Modern Pensées

Reconsidering theology, philosophy, culture, economics, and politics

Thomas Sowell on Healthcare Reform

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For those of you who don’t know Sowell, you should.  He is an African American economist and social commentator.  His path started with Marxism, then the USMC, then a GED, then Howard University, transferred to Harvard University (graduated magna cum laude: bachelors in economics), then to Columbia University (masters in economics), and finally University of Chicago (d.phil in economics).  I pesonally find his writing lucid and prescient.  The following quote comes from a piece Sowell wrote for TownHall.

Back when the “single payer” was the patient, people were more selective in what they spent their own money on. You went to a doctor when you had a broken leg but not necessarily every time you had the sniffles or a skin rash. But, when someone else is paying, that is when medical care gets over-used — and bureaucratic rationing is then imposed, to replace self-rationing.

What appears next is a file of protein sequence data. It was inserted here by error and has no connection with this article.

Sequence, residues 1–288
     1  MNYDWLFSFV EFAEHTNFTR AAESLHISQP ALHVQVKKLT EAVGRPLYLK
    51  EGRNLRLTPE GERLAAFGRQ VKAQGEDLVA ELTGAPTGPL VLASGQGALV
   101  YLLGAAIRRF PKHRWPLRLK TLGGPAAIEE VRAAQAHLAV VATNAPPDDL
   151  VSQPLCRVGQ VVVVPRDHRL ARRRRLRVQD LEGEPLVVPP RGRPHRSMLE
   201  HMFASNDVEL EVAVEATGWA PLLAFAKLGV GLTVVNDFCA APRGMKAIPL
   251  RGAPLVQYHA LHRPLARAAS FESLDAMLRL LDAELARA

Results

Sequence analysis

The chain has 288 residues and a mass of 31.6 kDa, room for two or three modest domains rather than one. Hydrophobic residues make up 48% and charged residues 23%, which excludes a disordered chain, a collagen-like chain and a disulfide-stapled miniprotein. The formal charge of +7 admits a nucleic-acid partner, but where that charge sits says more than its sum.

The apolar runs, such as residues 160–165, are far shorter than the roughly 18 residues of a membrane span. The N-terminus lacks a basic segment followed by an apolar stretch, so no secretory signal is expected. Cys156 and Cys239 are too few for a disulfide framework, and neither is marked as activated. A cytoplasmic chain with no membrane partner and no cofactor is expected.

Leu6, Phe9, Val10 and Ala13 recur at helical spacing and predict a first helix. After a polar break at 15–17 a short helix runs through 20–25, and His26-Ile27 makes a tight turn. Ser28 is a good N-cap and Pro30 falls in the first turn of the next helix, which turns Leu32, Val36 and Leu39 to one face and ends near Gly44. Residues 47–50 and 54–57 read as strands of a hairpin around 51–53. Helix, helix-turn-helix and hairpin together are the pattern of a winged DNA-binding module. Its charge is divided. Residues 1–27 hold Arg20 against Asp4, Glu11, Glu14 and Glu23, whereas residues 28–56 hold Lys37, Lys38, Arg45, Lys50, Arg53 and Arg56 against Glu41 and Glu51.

Money is just one of the costs of people seeking more medical care than they would if they were paying for it with their own money. Both waiting lines and waiting lists grow longer when people with sniffles and minor skin rashes take up the time of doctors, while people with cancer are waiting.

In country after country, the original estimates of government medical care costs almost always turn out to be gross under-estimates of what it ultimately turns out to cost.

Even when the estimates are done honestly, they are based on how much medical care people use when they are paying for it themselves. But having someone else pay for medical care virtually guarantees that a lot more of it will be used.

Nothing would lower costs more than having each patient pay those costs. And nothing is less likely to happen.

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Written by Michael Graham

March 14, 2010 at 2:29 pm

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